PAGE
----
The art world was stunned when on 12 November 2010 a discarded Chinese vase was sold at a small London auctioneers for a world record £43m.
The 18th century vase, made for the Emperor Qianlong, was found by a brother and sister who were clearing out their late uncle’s bungalow. The potential value of the vase was only realised when it was unpacked for sale, alongside old cookers and fridges.
The brother and sister who found the vase were unaware of its value and preciousness. The auctioneer said, ‘They had no idea what they had. They were hopeful, but they didn’t dare believe until the hammer went down’.
Failing to value properly the best things in life applies to most of us. Are Christians also guilty of failing to properly evaluate and appreciate fully the most precious thing in our lives?
From God’s perspective, the most precious thing a Christian possesses is faith. Believers are said to have obtained a like precious faith with the apostles (2 Peter 1:1). This faith is declared to be more precious than gold (1 Peter 1:7).
There are three reasons why God considers faith this precious. Firstly, it is precious because it stands upon the elect and chief cornerstone of Jesus Christ (1 Peter 2:6). Our faith, based solely upon the person and work of Jesus Christ, is the only firm foundation on which a right standing with God can rest.
No other foundation could support the monstrous load of humanity’s sin, nor bear the weight of God’s wrath, without buckling and breaking. Unless we are grounded on the immovable Rock of Ages, we will fall with a sickening crash when the storms and floods of temptation and trials beat upon our spiritual frame.
Secondly, our faith is precious because it was underwritten and redeemed at the cost of the shedding of Jesus Christ’s precious blood (1 Peter 1:18).
It is relatively easy to understand why somebody might want to pay a fortune for something as rare and beautiful as that Chinese vase. But it is beyond comprehension that God should empty heaven’s ‘bank of grace’ to purchase for himself such unworthy, base and disfigured sinners like us.
We can grasp this, however – that the unfathomable riches we have inherited through the sole merit of Christ’s sacrificial death are sufficient for every spiritual need we will ever have.
Such a faith takes us out of our poverty, darkness and sinfulness and propels us into the sphere of Christ’s riches, light and righteousness. That is why our faith in Christ is so precious.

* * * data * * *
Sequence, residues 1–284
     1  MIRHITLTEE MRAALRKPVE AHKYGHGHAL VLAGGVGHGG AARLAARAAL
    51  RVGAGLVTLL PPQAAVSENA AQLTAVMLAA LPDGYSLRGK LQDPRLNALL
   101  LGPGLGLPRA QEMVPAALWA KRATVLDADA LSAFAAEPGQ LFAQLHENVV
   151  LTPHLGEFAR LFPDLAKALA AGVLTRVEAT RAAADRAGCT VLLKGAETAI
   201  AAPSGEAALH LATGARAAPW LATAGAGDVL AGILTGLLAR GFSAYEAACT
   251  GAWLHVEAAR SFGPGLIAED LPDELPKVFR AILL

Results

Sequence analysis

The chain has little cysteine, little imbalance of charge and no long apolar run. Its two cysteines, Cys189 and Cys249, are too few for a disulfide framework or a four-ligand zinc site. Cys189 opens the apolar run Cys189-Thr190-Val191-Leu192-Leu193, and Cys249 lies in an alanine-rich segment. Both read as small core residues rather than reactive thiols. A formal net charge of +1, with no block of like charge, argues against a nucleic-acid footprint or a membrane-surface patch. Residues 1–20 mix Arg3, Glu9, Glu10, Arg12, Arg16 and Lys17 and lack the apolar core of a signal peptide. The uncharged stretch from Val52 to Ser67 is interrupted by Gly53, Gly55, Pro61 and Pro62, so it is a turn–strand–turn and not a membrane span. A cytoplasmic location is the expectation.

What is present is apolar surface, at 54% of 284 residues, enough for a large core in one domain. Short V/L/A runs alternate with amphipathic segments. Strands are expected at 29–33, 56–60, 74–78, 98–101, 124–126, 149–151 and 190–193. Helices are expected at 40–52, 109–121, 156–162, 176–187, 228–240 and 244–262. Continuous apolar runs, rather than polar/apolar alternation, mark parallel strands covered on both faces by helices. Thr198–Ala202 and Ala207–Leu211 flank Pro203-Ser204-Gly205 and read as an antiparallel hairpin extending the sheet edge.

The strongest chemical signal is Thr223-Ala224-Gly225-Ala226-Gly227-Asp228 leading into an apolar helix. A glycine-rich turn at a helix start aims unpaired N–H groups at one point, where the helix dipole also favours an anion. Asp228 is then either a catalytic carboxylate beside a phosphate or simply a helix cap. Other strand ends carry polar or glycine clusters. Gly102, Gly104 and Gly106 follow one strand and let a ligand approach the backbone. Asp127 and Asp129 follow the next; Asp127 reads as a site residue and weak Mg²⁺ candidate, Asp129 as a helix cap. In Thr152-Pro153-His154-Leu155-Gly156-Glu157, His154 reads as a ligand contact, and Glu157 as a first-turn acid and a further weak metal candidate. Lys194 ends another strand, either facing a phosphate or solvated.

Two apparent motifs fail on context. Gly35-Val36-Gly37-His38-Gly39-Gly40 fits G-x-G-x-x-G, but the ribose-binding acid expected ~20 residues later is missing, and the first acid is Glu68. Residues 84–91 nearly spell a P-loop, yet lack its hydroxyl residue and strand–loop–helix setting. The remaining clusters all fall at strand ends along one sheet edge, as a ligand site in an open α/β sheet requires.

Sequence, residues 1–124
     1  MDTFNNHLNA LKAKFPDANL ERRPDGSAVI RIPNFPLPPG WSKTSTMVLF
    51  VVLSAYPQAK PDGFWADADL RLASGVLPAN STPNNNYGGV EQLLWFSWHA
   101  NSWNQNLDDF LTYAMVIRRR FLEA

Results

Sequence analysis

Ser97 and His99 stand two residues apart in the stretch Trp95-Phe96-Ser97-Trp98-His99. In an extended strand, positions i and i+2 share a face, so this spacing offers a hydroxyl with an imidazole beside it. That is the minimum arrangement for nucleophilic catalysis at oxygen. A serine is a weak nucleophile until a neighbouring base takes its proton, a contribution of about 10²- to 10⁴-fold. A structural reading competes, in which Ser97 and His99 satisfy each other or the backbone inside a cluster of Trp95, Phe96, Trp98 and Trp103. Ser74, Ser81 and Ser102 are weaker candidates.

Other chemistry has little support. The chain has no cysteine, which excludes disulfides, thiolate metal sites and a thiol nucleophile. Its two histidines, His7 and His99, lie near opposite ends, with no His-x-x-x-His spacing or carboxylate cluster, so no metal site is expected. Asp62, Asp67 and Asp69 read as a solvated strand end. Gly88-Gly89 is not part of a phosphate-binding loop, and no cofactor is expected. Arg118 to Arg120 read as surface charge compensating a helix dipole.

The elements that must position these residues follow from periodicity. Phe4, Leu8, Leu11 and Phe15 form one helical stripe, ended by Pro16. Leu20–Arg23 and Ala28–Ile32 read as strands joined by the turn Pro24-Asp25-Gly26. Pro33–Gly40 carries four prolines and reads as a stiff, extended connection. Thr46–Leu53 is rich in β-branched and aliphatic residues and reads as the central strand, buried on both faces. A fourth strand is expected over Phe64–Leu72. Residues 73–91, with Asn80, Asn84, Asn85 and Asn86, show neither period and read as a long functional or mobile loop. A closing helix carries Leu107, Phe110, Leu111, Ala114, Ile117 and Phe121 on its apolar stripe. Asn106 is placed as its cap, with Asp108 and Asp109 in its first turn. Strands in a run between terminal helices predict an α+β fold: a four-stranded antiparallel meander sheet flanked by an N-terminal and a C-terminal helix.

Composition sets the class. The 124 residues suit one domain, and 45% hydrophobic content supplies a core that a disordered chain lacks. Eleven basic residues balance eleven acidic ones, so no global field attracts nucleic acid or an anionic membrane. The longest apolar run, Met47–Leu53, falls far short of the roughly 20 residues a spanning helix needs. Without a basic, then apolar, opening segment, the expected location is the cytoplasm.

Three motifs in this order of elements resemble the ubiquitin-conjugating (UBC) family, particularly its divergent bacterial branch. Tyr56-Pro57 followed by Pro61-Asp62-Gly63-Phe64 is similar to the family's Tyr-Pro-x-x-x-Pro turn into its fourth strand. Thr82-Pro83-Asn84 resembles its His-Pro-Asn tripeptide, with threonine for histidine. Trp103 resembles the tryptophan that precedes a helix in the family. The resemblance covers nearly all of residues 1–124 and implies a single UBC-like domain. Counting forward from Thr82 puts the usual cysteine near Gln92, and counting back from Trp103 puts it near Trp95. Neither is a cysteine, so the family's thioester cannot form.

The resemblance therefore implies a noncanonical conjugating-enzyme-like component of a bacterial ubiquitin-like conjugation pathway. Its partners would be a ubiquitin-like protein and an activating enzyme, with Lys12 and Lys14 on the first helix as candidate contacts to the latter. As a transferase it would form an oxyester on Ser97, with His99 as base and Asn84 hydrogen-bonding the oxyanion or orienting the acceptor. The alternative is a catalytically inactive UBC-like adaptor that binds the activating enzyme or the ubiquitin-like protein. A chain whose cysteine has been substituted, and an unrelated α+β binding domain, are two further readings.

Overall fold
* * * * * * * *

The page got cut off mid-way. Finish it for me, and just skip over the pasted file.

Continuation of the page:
Thirdly, our faith is precious because it appropriates the exceedingly great promises that God has freely granted to us (2 Peter 1:4). Under the old covenant and the law, God spoke through commandments – legislating all that we should do for him. Under the new covenant and the gospel, however, God speaks through promises – announcing all that he will do for us.
Each and every divine promise in the Bible is for our benefit, and are all ‘Yes’ and ‘Amen’ in Jesus Christ (2 Corinthians 1:20). Every gift, blessing and good thing that God has promised in his Word has been purchased by Christ’s blood, and is to be received and embraced by faith. True faith believes that our great promise-giver is also the promise-keeper.
Although we may not always appreciate just how precious our faith in Christ is, Satan never fails to realise its true worth, and this is why he seeks to destroy it. In the upper room Jesus warned Peter that Satan had petitioned for Peter to be given over to severe testing.
The goal of Satan’s testing was the failing of Peter’s faith (Luke 22:31-32). One thing that Satan surely fears is a Christian who stops trusting in himself and other people, and puts his faith only in Christ’s presence, power and promises. The devil hates such faith because it unambiguously gives all the glory to God.
So, in this New Year, let us value our faith in Christ as our most precious possession. Let us keep on looking to Jesus the author and perfecter of our faith, and let us seek to deepen our faith by meditating on the promises of God’s Word. For, ‘faith comes from hearing, and hearing by the Word of God’ (Romans 10:17).